Farmers fear summer drought

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NFU says farmers have put contingency plans in place in case of a dry summer, including trading water with one another.

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Farmers have put contingency plans in place amid concerns of a water shortage during the summer months.

It is understood that good growing conditions over the winter and early spring has increased crop yields, potentially meaning a need for more irrigation - controlled amounts of watering - at a time when rainfall is expected to reduce.

This would cause concern "across the board", with high-value fruit and vegetable production, arable farming and livestock farming all being "vulnerable to rainfall and temperature patterns", the National Farmers' Union (NFU) said.

Restrictions

The NFU also said that farmers have already put contingency plans in place in case of a dry summer, including trading water with one another.

In its monthly hydrological summary for March, the National River Flow Archive, which collects UK river flow data, said that groundwater levels were below normal in central and eastern England, most notably in East Anglia.

The report also states the lower levels highlight the need for additional rainfall to prevent pressure on water later in 2019.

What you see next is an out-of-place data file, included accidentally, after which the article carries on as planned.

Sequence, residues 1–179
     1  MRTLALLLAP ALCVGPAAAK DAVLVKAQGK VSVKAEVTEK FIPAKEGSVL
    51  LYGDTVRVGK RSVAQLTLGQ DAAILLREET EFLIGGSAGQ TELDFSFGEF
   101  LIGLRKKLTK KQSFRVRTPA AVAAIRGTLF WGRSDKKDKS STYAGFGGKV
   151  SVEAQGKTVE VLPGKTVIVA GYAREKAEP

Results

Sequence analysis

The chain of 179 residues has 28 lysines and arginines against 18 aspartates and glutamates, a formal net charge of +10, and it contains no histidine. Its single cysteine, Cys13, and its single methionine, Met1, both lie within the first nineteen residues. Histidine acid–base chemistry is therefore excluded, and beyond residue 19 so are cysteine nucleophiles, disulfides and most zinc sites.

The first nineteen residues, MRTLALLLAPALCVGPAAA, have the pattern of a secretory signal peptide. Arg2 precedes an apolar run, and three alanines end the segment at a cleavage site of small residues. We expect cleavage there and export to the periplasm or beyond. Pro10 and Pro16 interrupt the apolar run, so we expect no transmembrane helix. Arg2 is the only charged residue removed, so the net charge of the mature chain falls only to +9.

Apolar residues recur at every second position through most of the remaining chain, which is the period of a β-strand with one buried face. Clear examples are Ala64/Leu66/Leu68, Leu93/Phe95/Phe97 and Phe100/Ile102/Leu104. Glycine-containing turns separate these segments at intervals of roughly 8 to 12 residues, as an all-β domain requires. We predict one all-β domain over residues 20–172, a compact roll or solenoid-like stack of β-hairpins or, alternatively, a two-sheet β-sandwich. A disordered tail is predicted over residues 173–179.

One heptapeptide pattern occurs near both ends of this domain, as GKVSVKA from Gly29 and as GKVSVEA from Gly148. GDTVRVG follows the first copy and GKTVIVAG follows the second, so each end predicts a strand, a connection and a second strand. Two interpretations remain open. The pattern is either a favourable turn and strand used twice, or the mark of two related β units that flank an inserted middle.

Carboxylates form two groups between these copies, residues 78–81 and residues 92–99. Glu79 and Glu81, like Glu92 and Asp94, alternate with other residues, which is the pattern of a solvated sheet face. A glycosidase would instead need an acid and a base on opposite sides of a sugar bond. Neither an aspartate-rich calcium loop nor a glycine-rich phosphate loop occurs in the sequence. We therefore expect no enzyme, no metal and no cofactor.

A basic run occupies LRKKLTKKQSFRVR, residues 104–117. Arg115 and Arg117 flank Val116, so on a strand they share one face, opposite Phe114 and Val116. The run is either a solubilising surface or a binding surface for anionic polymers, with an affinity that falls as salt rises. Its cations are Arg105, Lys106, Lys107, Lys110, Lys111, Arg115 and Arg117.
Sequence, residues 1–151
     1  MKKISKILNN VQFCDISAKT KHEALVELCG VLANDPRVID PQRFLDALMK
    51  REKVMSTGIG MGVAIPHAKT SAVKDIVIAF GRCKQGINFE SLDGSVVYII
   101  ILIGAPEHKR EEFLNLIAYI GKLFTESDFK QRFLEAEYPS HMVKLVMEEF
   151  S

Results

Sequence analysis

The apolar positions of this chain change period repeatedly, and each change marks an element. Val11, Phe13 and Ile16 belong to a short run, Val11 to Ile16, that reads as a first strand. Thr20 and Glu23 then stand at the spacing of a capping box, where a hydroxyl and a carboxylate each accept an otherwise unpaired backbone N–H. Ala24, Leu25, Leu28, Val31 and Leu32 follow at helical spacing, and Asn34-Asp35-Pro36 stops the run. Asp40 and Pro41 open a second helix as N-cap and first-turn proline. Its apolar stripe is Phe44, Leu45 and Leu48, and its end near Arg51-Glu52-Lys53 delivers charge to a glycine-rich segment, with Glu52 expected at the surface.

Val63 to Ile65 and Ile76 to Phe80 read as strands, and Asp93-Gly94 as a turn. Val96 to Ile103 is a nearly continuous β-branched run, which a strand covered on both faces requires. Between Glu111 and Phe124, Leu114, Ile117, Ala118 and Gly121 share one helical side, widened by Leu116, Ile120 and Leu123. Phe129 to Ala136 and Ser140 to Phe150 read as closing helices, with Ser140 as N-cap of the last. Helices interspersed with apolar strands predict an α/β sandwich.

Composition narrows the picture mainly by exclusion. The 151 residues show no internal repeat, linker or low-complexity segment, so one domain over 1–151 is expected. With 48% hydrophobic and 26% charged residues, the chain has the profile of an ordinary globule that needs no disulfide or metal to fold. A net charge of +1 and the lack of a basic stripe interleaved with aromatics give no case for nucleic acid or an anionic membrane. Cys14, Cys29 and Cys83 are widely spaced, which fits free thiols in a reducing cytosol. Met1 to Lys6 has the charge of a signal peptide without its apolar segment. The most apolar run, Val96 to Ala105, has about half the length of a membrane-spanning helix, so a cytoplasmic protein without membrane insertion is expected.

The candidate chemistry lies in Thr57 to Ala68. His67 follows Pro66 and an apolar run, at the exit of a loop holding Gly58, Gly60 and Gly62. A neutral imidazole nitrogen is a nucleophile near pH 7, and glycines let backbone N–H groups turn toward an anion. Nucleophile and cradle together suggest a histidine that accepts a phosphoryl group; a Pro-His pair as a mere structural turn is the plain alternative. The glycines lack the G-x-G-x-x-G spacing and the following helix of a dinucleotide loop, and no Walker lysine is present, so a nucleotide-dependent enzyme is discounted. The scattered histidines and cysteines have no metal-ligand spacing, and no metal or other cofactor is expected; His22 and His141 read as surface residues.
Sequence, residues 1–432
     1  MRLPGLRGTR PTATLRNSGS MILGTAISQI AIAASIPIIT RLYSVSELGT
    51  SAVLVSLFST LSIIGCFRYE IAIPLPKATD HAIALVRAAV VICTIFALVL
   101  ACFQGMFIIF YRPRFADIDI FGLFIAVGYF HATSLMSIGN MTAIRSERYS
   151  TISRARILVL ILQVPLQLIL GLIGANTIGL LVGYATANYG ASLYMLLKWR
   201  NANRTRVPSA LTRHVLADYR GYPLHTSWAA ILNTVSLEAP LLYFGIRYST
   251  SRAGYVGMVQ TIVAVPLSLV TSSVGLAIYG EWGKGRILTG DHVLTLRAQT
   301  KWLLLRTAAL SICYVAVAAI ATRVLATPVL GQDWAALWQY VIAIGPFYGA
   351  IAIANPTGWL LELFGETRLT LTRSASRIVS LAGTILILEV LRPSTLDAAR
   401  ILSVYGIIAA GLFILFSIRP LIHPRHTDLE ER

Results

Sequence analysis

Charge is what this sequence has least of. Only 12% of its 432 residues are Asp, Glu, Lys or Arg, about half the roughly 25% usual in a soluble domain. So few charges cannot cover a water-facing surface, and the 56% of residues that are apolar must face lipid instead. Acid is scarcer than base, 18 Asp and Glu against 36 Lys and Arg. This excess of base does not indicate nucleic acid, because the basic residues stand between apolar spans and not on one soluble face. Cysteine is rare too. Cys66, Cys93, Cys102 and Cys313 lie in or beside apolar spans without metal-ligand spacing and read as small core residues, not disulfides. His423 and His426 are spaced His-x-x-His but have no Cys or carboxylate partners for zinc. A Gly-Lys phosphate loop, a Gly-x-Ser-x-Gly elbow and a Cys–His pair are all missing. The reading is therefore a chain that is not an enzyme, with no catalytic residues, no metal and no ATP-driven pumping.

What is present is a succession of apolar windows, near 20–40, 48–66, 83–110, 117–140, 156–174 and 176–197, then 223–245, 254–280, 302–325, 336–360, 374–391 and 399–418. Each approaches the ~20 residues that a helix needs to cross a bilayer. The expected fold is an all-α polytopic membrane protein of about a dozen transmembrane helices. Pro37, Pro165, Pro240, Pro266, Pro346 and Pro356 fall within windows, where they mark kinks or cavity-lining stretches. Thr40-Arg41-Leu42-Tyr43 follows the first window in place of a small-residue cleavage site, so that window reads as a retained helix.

As a result of low rainfall in Yorkshire in April, the Environment Agency has put in place a complete stop to abstraction on the River Seven, the River Swale and in Cod Beck.

Paul Hammett, the national water resource specialist at the NFU, told the Press Association that it is unusual for such restrictions to be put in place so early in the year, and that the move is "of concern".

Discussing the challenge that the need for greater irrigation coupled with low rainfall can pose, he said: "It's going to be quite challenging for farmers to manage their available water to make sure they can make it last as long as possible to manage crop needs."

Food production

On the prospect of another long, dry summer like last year, he added: "The British weather is very variable but I think farmers are right to be concerned and trying to put contingency plans in place just in case the worst happens.

"We've found that a high proportion of the farmers that we've spoken to, in terms of irrigated cropping, are increasing their storage, looking carefully at their cropping plans and are looking to trade water with other farmers.

"So we're looking at a number of options to try to limit the risk of water shortage. I think that all farmers will be keeping a close eye on mid-term weather forecasts and reports about water availability."

Mr Hammett said that a recent discussion he has had with the Environment Agency has helped reduce fears about water restrictions being put in place in East Anglia, but added that a general reduction of rainfall this year and in 2018 is of longer-term concern.

He added: "We do seem to be in a long period of consistently below average rainfall, and I guess that we're already thinking about 2020 and what the prospects for water for food production might be like next year.

"The amount of water that we are collecting and is available in the soils is also of potential longer-term concern."

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Henry Clare is a reporter for Press Association.